If all of this seems a bit confusing, it’s because it is, but I believe this mystery is unravelling much quicker than the others. With all the disparate parts seeming to come together, and with the possibility of a Rousseau flashback sooner rather than later (assuming she’s not dead yet), the discrepancies between what’s happening to the people on the freighter, what happened to Desmond, and what allegedly happened to Danielle’s research team could be clarified within a few short episodes.
Jacob is the only mystery on this list not introduced in the first season, but that doesn’t mean he’s insignificant to the overall mythology of the show. In season two, Ben (then known only as Henry Gale), implied that there was a leader of the others who was a great man, and although he is certainly narcissistic enough to be talking about himself, many fans were convinced, even after Ben was revealed to be a leader, that there was somebody really important behind the scenes.
In the third season, a few slyly dropped lines of dialogue identified a hugely important character named “Jacob,” who was apparently higher than Ben and had made a list that Jack wasn’t on. The name has several Biblical implications, especially when combined with the name Ben, and the show seemed to exploit that with the brain-washed mantra, “God Loves You as He Loved Jacob.”
Then Locke, one of the few people on the island doing what he can to figure out what the devil is going on, manages to convince Ben to take him to Jacob, although he had to kill his own father and beat up the seemingly immortal Mikhail to do it. When Locke is finally introduced to Jacob, craziness ensues, assuring Jacob the number two spot on this list of important Lost mysteries.
The Smoke Monster
|There's no need to count to five like a wussy when you've got a sonic barrier fence|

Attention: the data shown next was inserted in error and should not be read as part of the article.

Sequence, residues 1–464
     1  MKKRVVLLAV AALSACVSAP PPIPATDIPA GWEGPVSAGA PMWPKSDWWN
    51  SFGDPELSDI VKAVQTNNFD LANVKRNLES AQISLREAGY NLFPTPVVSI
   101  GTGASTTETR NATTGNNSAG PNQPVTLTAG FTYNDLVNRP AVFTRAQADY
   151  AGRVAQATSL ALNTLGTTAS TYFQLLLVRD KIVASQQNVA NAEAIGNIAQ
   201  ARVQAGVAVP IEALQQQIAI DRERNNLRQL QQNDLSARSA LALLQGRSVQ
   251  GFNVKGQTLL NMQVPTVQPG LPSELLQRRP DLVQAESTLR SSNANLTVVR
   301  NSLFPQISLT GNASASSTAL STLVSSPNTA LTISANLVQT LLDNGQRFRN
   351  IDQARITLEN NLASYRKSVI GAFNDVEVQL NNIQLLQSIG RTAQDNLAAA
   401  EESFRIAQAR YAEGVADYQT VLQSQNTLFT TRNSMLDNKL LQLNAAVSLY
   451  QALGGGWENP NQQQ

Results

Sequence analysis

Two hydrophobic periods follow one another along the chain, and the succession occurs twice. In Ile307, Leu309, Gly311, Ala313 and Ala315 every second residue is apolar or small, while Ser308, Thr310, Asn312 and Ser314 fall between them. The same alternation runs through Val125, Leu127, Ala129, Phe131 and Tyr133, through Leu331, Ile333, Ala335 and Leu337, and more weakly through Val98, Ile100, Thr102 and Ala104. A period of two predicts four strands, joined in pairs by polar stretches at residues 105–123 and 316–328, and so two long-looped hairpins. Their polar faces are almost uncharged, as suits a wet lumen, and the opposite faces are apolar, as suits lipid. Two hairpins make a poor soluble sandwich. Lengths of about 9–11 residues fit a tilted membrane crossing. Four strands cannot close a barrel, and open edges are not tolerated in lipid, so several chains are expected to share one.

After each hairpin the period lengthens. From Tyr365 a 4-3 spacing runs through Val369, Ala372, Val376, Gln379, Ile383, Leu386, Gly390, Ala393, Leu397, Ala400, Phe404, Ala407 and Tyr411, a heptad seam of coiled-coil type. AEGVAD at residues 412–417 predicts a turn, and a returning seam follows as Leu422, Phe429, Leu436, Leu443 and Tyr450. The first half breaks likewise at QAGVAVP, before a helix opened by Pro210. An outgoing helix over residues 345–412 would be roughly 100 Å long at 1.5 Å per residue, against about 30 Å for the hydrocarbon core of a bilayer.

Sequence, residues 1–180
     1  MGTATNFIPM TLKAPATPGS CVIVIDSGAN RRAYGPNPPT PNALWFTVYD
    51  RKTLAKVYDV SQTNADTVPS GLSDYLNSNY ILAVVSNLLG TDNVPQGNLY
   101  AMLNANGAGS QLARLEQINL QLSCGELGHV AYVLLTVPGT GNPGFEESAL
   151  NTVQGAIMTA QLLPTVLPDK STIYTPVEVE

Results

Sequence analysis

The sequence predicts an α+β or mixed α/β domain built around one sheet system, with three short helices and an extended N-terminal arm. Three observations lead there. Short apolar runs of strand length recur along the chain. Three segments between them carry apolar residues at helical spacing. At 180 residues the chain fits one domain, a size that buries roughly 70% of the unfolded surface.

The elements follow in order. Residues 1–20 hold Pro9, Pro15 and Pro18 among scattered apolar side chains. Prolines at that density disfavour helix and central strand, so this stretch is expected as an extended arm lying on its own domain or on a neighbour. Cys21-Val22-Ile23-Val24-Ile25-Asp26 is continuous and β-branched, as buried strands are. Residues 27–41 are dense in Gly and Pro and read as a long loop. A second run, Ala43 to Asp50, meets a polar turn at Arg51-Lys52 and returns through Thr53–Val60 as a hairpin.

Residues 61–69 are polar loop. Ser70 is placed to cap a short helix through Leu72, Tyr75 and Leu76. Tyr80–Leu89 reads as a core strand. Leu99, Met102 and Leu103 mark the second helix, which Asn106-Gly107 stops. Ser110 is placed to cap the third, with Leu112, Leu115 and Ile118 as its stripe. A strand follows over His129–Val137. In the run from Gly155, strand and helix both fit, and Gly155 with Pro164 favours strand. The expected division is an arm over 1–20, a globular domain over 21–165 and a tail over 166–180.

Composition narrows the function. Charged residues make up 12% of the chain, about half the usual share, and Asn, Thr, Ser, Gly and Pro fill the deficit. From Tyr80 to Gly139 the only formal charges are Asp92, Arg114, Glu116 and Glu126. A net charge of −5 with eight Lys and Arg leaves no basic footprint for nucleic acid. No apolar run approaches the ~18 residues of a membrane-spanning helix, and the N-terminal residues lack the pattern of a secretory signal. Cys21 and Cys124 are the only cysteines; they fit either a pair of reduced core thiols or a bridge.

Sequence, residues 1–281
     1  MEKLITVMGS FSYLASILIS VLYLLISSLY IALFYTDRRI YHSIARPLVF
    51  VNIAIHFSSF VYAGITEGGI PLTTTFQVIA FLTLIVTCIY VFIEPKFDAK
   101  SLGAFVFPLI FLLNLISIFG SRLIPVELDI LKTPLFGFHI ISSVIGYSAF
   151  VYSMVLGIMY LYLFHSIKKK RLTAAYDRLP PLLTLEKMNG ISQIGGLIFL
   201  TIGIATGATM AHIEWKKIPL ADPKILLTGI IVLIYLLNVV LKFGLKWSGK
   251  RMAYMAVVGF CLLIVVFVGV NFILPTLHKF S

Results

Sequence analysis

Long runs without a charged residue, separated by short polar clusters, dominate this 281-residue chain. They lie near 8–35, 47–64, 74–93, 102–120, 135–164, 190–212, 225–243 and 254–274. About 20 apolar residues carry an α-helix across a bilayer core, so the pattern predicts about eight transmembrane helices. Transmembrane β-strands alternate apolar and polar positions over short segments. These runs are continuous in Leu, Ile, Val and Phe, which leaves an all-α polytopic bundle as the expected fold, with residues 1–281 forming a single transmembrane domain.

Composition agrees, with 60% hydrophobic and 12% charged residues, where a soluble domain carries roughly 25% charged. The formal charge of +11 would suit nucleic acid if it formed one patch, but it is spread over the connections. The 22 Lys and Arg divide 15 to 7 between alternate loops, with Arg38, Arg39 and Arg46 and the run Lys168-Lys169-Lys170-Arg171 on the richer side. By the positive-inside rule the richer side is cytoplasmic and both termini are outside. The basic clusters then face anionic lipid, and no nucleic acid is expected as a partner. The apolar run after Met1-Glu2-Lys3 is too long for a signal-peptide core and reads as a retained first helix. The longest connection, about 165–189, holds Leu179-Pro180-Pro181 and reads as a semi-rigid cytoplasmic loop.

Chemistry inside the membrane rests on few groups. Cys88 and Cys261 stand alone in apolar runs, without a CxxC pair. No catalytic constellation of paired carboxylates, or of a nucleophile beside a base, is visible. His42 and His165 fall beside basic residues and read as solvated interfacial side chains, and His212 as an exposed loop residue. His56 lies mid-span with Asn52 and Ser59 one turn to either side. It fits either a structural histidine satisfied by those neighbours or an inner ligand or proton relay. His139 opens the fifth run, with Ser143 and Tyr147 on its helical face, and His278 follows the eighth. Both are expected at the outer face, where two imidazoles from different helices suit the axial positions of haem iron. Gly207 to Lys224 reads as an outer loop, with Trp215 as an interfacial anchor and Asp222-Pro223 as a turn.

Of course, the biggest mystery is the monster, that loud, tree-uprooting, Eko-confronting, enigmatic killing machine introduced to us in the pilot episode. It may sound like a weird dinosaur from Jurassic Park at first, but it becomes obvious later on that this thing is something altogether unique. It’s both mechanical and intangible, scientific and mystical, and it only shows up two or three times a season (that we know of).
There are hints that the smoke monster can take on other forms, including Eko’s dead brother Yemi, that it responds to fear with murderous intent, that it can scan your memories, that it might be some kind of security system, and that it was known by previous island inhabitants as “Cerberus.” But whatever it is, every time it comes up on the show, it leaves you frustrated, because you just want to know what that thing is.
It even seems to weigh heavily on Locke’s mind, who may or may not have faced off with the monster in season one (he would later describe what he saw as a beautiful white light, which is pretty much the opposite of what we know of the smoke monster). Just a few episodes ago, when presented with the option to ask anything he wanted to know, the first thing he asks—which would be the first thing I’d ask too—is “What is the smoke monster?”
Top 5 WTF Moments
Every once in awhile on Lost, there is a brief shot—usually no more than five seconds long—containing something very odd. This odd plot device carries a lot of implications, goes unexplained (and often unmentioned) for huge stretches, and winds up being discussed more than nearly anything else at the virtual water cooler.
The Fake Beard
|The Dharma Initiative and Acme Corp. must be related|